Spain and the Cursillo Movement
The Cursillo Movement was born in Spain in the 1940’s, but to understand the movement in depth, one must understand Spanish history and the Spanish mentality, which have shaped Spanish culture. Spain, in the area of religion, made significant contributions to the Roman Catholic Church throughout the ages. A few names which come to mind are St. Ignatius of Loyola, St. Teresa of Avila, St. John of the Cross and St. Peter Claver. These individuals were spiritual giants who influenced and helped to shape the Spain that we know today.
Now in our time from Spain comes the Cursillo Movement. The Cursillo Movement seems peculiarly suited to the post-Vatican Church, which is looking to increase participation of the lay person in the life and work of the Church. It is no accident that movements like the Cursillo, bent on religious reform, began in Spain. This thesis will examine the history of the Cursillo. Its central theme will be its theology. As Ivan J. Rohloff, Origins and Development of Crisillo, points out:
Perhaps more than any other European nation, Spain has a sense of salvation history. She has usually seen her destiny as a call from God to embody the Gospel and to bring it to the whole world. All her institutions share in this destiny. Every aspect of life is permeated with the divine. Like the culture of other countries, Spanish culture, in which the Cursillo Movement was born, has many facets, some of which are not entirely favorable to the Cursillo.
First of all, the movement came into being in the 1940’s when the Catholic Church was recovering, in part, the strong and favored position it enjoyed prior to the Civil War. At the same time, however, the central government controlled the Church. This meant that the Cursillo Movement necessarily had to avoid political and social problems and concentrate on three goals:
- Interpersonal relationships
- The Christianization of the environment, and
Thus the Cursillo Movement was born into a war-torn country.
The Spanish Civil War (1936-1939) left its scars: The social context of a war-torn nation was one of poverty and austerity. Illiteracy was rampant because the Church and the state disagreed on where the responsibility for education should lie. Both morale and morality were at a low ebb. Humanism, clericalism, and its antithesis – anticlericalism – were much in evidence. Add to these the Spanish tendencies to provincialism and individualism and the problems multiply.
The question persists: Why Spain? One has to wonder why this particular movement originated in Spain, rather than, for example, in France or Italy? After all the Church has existed in these two latter countries about as long as it has lasted in Spain, and in a somewhat similar fashion. The five following points explain, at least in part, why the Cursillo began in Spain.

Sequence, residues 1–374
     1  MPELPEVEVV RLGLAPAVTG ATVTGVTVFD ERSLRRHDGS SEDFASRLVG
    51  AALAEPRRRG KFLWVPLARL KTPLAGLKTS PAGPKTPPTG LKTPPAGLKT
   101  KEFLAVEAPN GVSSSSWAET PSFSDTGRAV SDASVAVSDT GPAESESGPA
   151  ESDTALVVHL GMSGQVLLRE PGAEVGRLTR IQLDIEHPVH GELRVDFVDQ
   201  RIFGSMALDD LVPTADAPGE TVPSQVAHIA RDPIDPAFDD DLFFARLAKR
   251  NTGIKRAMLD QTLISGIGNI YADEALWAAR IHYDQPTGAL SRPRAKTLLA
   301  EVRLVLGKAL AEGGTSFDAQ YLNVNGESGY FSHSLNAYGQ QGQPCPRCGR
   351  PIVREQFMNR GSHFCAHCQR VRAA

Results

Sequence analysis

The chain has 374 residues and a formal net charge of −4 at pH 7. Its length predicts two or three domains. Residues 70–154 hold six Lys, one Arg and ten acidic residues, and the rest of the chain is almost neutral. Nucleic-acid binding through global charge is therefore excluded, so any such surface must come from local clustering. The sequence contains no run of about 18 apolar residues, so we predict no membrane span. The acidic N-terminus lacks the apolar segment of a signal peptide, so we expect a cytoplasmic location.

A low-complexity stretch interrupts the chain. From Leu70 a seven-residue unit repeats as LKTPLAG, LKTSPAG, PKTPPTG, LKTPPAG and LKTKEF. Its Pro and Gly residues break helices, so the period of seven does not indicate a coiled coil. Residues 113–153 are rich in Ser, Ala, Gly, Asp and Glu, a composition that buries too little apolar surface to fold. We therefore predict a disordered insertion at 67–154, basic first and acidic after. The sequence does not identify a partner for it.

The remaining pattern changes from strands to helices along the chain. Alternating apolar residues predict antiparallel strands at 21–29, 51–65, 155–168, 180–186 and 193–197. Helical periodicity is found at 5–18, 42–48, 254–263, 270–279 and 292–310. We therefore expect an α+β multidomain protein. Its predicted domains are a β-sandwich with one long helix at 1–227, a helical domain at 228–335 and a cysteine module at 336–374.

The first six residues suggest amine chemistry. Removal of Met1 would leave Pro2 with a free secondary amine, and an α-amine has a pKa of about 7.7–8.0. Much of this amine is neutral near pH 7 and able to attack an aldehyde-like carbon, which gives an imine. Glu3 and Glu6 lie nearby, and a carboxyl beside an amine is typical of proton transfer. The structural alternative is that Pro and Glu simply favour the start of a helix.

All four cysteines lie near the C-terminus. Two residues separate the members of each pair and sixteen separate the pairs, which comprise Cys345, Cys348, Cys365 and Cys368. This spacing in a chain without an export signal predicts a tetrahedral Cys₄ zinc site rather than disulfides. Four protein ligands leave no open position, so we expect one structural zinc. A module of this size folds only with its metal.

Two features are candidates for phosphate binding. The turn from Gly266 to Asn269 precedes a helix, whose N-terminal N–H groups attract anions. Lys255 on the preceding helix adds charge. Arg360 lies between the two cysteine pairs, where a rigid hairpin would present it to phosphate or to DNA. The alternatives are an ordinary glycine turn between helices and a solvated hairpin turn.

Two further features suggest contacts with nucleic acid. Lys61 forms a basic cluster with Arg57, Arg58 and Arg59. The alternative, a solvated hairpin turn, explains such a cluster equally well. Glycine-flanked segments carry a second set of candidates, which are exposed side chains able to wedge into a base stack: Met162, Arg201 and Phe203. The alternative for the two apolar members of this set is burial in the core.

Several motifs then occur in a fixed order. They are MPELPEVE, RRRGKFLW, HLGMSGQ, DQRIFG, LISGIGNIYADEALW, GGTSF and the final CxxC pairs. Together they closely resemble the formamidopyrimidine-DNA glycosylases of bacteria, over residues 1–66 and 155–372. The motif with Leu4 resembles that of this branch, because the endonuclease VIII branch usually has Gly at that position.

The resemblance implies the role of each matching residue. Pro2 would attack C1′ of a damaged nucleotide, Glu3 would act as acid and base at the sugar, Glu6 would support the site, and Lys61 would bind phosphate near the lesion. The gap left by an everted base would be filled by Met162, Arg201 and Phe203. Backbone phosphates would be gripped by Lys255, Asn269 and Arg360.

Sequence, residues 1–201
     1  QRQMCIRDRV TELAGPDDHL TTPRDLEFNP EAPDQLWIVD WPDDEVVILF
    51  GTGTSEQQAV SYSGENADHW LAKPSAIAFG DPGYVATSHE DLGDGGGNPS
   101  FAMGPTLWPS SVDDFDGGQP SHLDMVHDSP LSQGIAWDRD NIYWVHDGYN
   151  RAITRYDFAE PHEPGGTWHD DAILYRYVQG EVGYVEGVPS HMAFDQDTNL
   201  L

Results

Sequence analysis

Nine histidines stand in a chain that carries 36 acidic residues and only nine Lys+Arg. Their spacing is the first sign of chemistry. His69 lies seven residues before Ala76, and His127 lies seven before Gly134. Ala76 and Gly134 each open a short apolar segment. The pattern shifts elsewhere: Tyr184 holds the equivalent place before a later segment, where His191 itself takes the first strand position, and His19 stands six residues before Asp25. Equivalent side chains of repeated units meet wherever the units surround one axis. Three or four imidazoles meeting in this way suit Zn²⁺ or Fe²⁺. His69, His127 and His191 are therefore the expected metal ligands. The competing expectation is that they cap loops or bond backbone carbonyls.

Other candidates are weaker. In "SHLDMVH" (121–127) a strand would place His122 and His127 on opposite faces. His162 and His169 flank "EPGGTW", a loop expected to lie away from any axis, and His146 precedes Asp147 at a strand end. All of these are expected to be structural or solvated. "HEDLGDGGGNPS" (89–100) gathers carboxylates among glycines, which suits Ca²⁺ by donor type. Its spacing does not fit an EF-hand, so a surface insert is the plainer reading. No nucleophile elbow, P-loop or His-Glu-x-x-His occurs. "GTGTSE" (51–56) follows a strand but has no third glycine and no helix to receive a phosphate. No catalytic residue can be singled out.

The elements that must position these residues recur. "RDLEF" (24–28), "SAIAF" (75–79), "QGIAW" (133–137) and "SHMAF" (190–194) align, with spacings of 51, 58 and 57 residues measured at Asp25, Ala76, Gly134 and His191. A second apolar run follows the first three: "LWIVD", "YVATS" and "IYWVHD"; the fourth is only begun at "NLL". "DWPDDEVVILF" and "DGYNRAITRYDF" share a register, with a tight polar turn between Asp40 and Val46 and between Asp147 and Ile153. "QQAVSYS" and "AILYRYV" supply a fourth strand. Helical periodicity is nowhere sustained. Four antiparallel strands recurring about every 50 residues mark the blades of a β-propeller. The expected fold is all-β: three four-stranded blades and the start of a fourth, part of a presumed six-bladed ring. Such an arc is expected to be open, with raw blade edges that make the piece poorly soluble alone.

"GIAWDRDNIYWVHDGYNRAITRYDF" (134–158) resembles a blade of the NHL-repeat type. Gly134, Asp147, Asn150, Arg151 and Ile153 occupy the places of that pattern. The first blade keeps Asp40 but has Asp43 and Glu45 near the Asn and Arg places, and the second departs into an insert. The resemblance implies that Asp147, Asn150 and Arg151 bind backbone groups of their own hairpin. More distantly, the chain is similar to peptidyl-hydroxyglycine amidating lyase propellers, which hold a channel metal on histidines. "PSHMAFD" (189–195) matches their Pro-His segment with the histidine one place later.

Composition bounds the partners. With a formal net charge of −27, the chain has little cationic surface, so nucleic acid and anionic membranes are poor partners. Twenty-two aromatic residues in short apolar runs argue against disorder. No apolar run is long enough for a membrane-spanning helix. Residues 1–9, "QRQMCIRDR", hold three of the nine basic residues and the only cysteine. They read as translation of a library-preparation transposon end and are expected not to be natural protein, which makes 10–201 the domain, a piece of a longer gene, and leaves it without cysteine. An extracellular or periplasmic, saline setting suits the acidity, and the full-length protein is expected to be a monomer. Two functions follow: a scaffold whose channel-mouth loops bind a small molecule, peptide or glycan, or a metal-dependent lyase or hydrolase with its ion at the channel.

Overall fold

Conservative Spanish Temperament
What immediately comes to mind is the Spanish temperament. It is a religiously conservative temperament that is closely allied to the Catholic Church. Spanish Catholicism produced such outstanding religious figures as Ignatius of Loyola, the founder of the Jesuits, mystics like Teresa of Avila, and John of the Cross. It also produced great missionaries, such as Peter Claver and Junipero Serra, among others.
Powerful Influence of the Church
Politically, the Catholic Church in Spain was a very powerful institution and because of historical reasons, was closely allied to the government. The Cursillo Movement, which was under strict clerical control, was able to develop and survive in this type of atmosphere.
Return to the Origins of Faith with a New Spirit
The Spanish Civil War (1936-1939) engendered apathy and secular humanism, and even the threat of Communism. As a reaction to these factors the Cursillo Movement, like Catholic Action shortly before it, sought to entice the Spanish to shore up the original source of faith: the Catholic Church – but to do so with a new kind of mentality and spirit.
Influence of other Cultures
The Spanish temperament was influenced by yet two other unique factors: Jewish and Moorish cultures. Both of these cultures were theocratic, and consequently religion was closely allied to the state. Since the time of Ferdinand and Isabella, many Spanish, Jewish men and women converted to Catholicism out of expediency. At the time of the Inquisition many of them were questioned about the legitimacy of their Catholic faith. Had they converted only for political reasons, while practicing their Jewish faith secretly? In a similar way, Christian Moors, men and women, were considered disloyal to Spain when they allied themselves to non-Christian Moors. It should be stated that the Inquisition helped to unify Spain as a closed, Catholic society, while non-Catholic people were made outcasts or even expelled.
The Effect of Spain’s Isolation on Spanish Temperament
When the Reformation started, Spanish society as a whole reacted with a great fear of Protestantism. It reached its peak during the reign of King Phillip II (1556-1598). Spain became a defensive bulwark against Protestantism. In the fight against this heresy, King Phillip, in 1559, forbade Spaniards to study in foreign universities. The result was that Spain was isolated from modern European thought until the 18th century. This closed-society mentality contributed much to the Spanish temperament.